Unless it's just an all in one bottle then I could understand.
 

DoubleDutch

Member
Joined
May 7, 2013
Messages
792
Reaction score
64
Location
NL
Agree with that. Carbon won''t do a thing. Bacteriabloom and filterbacteria are different species. For both it's important to leave them going. But you have to do waterchanges for nitrite. Do WC and measurements and no more than that !!
If you have one, put in am airstone. It will help the oxydation from nitrite into nitrate.
 
OP
dazbud

dazbud

Member
Joined
Jan 29, 2012
Messages
150
Reaction score
0
The Fungus and Finrot is one med. It treats both. So only one med used.
 
I do have twin airstones. I will turn up the airflow on them. Just completed a 30% change.
 
I have seachem prime which can be used as emergency nitrite detoxifier, so wil continue to monitor nitrite levels and use that if necessary.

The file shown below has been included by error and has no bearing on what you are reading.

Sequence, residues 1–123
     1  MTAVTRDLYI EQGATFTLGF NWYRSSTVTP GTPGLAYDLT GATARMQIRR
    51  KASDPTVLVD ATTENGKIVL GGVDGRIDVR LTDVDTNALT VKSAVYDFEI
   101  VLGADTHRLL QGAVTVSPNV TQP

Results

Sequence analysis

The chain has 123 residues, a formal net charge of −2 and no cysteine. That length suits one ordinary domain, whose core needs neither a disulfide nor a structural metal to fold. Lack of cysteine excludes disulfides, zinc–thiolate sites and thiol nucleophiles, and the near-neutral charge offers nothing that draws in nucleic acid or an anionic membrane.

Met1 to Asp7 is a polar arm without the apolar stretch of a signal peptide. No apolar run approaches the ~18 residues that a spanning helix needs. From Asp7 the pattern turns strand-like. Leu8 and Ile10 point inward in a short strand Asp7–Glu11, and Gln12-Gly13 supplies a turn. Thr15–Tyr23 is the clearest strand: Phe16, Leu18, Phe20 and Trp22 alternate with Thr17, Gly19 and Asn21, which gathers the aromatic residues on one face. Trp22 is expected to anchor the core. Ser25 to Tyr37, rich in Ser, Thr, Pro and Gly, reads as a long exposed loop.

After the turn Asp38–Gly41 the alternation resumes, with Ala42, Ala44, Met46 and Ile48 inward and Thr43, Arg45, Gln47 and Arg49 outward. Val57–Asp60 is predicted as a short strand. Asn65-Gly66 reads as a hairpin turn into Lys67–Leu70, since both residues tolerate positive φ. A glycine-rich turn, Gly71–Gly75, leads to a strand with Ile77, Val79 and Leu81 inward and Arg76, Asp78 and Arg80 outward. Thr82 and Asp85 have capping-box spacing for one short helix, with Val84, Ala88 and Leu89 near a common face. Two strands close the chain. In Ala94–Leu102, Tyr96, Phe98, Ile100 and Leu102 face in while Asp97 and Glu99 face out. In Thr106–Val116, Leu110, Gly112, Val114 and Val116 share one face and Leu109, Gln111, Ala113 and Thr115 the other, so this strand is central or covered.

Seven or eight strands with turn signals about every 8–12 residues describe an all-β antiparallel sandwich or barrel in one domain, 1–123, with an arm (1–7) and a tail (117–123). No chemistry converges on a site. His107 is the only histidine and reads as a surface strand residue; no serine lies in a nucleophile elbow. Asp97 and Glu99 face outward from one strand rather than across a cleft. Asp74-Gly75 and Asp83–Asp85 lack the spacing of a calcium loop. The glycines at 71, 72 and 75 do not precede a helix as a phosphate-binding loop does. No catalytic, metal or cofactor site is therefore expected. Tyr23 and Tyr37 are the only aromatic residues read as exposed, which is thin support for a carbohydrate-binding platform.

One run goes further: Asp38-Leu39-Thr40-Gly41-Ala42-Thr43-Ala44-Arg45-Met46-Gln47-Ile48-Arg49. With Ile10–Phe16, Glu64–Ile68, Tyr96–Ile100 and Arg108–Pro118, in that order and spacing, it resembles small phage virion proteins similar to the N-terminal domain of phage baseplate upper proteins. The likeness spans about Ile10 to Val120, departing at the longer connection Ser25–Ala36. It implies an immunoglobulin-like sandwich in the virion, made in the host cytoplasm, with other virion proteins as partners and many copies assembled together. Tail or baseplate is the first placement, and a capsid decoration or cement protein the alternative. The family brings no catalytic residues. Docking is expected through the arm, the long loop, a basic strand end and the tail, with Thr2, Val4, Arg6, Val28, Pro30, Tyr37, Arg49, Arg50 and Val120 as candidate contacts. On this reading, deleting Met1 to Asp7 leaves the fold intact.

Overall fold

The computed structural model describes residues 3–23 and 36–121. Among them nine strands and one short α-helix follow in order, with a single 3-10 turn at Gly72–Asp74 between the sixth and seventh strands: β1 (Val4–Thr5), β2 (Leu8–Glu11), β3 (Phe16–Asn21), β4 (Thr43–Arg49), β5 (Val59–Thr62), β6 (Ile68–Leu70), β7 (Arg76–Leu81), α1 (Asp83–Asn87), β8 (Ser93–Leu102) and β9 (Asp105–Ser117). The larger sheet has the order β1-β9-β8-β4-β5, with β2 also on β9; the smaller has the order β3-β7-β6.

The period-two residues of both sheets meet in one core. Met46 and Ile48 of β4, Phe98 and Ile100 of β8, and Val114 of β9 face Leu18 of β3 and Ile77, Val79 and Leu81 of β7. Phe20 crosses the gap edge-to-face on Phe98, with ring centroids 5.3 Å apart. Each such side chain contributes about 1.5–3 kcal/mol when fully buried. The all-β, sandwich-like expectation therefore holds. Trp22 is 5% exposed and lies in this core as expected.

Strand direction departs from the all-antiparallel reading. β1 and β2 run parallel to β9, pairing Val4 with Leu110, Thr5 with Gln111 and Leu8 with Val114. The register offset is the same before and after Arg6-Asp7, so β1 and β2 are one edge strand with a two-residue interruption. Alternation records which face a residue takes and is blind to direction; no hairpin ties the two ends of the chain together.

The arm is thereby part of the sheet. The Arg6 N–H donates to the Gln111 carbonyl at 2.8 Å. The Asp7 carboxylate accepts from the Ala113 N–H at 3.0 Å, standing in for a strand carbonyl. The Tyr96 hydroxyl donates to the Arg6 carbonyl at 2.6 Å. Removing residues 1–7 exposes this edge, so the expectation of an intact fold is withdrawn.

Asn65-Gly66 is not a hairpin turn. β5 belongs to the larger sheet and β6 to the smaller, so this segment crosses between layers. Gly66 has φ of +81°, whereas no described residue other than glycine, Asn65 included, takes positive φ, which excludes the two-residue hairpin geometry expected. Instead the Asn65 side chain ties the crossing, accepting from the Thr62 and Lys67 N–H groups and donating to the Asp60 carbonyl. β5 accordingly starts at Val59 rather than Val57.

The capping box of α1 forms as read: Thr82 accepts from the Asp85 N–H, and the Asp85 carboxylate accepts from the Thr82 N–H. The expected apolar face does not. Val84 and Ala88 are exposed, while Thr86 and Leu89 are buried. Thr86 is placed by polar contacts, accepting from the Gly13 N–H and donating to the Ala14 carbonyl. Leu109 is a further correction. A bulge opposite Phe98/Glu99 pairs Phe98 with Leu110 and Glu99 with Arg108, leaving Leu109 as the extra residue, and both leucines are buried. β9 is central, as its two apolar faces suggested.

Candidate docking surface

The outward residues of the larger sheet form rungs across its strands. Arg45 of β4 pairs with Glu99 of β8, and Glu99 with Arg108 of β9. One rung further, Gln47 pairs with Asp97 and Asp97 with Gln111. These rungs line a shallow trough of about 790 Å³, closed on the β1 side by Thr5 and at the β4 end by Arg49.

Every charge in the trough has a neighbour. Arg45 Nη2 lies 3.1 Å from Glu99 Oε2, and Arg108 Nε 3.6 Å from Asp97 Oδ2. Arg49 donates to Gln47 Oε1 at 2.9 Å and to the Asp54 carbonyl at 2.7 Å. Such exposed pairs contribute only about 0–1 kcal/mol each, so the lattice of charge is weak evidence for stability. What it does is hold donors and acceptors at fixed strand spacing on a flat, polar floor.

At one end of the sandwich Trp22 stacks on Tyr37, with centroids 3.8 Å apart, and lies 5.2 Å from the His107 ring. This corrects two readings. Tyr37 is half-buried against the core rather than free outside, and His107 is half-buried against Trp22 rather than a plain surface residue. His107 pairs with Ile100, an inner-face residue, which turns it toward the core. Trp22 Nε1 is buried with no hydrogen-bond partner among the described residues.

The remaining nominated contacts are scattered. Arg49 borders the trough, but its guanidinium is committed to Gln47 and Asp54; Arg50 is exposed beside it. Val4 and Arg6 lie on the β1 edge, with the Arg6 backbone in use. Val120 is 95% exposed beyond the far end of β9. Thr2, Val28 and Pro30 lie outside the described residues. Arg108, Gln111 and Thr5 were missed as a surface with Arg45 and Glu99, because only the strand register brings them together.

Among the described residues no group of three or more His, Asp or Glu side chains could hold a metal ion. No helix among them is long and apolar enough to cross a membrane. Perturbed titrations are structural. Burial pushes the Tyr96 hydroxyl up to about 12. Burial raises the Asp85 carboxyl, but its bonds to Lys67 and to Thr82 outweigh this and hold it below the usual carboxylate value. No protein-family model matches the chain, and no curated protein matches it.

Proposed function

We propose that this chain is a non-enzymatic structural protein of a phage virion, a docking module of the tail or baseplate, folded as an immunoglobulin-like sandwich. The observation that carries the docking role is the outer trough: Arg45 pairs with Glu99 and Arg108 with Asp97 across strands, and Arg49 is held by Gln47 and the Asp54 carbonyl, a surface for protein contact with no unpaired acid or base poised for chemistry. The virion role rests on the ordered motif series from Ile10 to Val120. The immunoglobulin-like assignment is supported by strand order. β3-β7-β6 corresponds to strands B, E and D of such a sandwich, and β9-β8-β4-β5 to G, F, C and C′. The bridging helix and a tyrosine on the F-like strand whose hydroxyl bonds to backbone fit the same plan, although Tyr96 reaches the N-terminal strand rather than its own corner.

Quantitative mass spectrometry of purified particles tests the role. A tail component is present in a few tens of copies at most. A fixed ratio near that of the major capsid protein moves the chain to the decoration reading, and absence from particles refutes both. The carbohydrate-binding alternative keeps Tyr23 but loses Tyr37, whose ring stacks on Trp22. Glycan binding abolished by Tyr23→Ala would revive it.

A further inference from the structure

eaglesaquarium

Life, Liberty & Pursuit of the perfect fish tank
Staff member
Moderator
Global Moderator
Joined
Apr 4, 2011
Messages
12,890
Reaction score
361
Location
US
The chlorine from a single liter of water should not effect your filter. However, something seems to have, potentially. It's possible that the water company spiked the chlorine for a brief bt of time, coinciding with your addition. But I've done up to a 20% water change before without dechlorinator in an established tank.


http://www.fishforums.net/index.php?/topic/246850-bacterial-blooms-explained/

If it were my tank, I'd probably go for a very thorough cleaning/water change. I'd pull the big decor and try to remove every bit of organic matter out.
 

TwoTankAmin

Member
Joined
Dec 31, 2004
Messages
4,422
Reaction score
13
Location
On Another Site
I am going to do a bit of guessing. I do not think the meds hurt the nitrifying bacteria. For sure an anti-fungal should not and their bio-film gives them protection against many meds that might otherwise be much more harmful. However, there are more kinds of bacteria in a tank than the nitrifyers.
 
It is more likely it killed something else that did two things- provided food for the bacteria responsible for the cloudy water and also created a bit of excess ammonia, which was already converted to nitrite by the time you tested. The good news is the nitrite should clear itself up pretty fast as well.